Decision-support tools via mobile devices to improve quality of care in primary healthcare settings

  • Protocol
  • Intervention

Authors


Abstract

This is a protocol for a Cochrane Review (Intervention). The objectives are as follows:

The objective of this review is to assess the effect of digital, clinical decision-support tools, accessible via mobile devices by primary healthcare providers in the context of primary care settings, on providers' adherence to recommended practices, time taken for appropriate management, providers' and patients' acceptability and satisfaction, health status, and resource use..

Background

The use of clinical decision-support tools on mobile devices may help primary healthcare providers, including frontline healthcare workers in developing countries, to improve the quality of services provided. The provision of appropriate, evidence-based, quality healthcare services is a concern of global policy makers.

Description of the condition

To improve the quality and safety of preventative and clinical healthcare services remains a challenge. There is widespread recognition that the quality of healthcare services varies widely, and is often suboptimal across healthcare systems (Moja 2014). In primary healthcare, despite the availability of knowledge, and specific diagnostic, treatment, and management protocols, there is often a discrepancy between the knowledge and the application. This know-do gap in the quality of healthcare has been widely cited as a key barrier to improving healthcare outcomes (Blank 2013; Mohanan 2015). A range of systemic factors contribute to the deficiencies and challenges in delivering high-quality evidence-based healthcare services.

Globally, the World Health Organization (WHO) projects a shortfall of 12.9 million healthcare providers by 2035 (WHO 2014). Having the right type of provider, at the right time, at the right place, continues to be a challenge worldwide. Clustering of health personnel in capital cities and other urban areas, and out-migration from low- and middle-income countries (LMICs) to high-income countries (HICs), further diminishes the number of healthcare providers available in rural areas (Dussault 2006). Especially in LMICs, the lack of trained primary healthcare providers has prompted policy makers to explore a shift of key tasks from higher to lower cadres of health workers (Baker 2007; Lehman 2008; WHO 2007). While the transition of vital primary healthcare services to a lower cadre of workers is feasible, it requires ongoing training support to ensure that service quality and safety standards are maintained (Rednick 2014; WHO 2007).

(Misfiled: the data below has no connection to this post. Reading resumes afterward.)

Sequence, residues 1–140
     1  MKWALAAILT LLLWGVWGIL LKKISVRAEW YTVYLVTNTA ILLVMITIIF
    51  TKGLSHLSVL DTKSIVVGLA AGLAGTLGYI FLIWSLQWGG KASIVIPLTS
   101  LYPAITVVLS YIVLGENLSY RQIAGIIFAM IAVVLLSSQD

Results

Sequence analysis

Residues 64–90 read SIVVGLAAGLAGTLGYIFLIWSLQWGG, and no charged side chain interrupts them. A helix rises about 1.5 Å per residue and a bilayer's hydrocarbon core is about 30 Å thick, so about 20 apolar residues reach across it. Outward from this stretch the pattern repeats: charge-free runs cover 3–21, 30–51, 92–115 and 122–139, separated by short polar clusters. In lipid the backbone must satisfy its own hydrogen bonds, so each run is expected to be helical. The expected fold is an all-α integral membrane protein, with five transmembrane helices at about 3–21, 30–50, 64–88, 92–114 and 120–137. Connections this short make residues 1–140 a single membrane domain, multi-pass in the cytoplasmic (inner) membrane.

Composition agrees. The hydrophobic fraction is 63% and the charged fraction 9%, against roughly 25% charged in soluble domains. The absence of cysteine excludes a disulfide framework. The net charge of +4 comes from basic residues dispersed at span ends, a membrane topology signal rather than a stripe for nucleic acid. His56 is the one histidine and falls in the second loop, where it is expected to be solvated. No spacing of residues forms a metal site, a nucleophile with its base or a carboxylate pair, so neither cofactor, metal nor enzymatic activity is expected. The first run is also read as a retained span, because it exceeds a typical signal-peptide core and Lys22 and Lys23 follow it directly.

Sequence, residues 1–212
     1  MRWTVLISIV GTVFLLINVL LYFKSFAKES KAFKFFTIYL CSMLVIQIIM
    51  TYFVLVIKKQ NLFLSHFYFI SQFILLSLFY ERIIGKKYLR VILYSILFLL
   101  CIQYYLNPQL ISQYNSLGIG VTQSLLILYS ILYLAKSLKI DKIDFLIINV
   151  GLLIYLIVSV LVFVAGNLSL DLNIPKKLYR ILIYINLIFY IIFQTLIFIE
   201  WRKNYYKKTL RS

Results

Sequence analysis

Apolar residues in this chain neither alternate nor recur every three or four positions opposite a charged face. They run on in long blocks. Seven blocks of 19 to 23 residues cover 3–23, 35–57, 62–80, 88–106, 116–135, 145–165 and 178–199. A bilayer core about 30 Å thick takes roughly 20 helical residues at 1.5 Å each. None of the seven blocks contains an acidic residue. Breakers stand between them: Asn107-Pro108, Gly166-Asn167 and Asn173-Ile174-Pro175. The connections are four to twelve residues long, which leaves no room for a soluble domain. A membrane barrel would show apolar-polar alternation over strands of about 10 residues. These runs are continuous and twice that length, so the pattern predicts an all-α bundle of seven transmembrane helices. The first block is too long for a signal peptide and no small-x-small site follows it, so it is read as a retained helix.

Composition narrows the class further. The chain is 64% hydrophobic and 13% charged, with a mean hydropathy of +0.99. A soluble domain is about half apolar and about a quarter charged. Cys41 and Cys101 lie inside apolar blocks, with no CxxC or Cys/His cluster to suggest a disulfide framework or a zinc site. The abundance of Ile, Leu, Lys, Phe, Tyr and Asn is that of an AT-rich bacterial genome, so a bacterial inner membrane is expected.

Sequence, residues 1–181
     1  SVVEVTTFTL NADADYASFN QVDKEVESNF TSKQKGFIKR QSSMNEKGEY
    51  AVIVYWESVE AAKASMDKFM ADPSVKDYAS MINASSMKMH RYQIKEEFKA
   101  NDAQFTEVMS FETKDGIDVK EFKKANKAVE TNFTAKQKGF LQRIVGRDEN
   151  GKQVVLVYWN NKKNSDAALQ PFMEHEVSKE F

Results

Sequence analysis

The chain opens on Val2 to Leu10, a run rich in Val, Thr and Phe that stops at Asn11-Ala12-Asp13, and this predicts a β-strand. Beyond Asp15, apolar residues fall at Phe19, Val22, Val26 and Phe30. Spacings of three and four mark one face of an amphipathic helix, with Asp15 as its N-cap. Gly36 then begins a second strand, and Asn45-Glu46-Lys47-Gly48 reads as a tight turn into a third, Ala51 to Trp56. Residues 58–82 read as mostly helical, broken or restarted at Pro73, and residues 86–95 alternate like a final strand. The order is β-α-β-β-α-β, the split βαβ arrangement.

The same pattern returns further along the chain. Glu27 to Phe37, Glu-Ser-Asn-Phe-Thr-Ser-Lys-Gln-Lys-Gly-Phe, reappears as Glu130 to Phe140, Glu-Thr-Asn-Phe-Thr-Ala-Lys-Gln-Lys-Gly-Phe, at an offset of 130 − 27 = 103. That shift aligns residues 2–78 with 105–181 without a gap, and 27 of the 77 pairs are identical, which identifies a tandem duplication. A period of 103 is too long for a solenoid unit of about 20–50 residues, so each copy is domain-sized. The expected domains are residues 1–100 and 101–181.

In other clinical settings, even when an adequate number of providers with the right training are available, the quality of care is variable. Busy healthcare providers may struggle to stay abreast of current evidence and apply it consistently. They may also lack information on alternate risk-reduction approaches, and not be sure which treatments work best (Kocher 2010). Time-constraints may result in the omission of essential information for counselling the patient, and long work hours may result in increased errors (Bright 2012).

Standardized protocols, which provide critical information at the point-of-care, support decision-making and guide healthcare providers through the process of diagnosis and management. They can introduce efficiencies into the system, optimize the time with the client, and improve the overall quality of services (Bright 2012; Mickan 2014).

Description of the intervention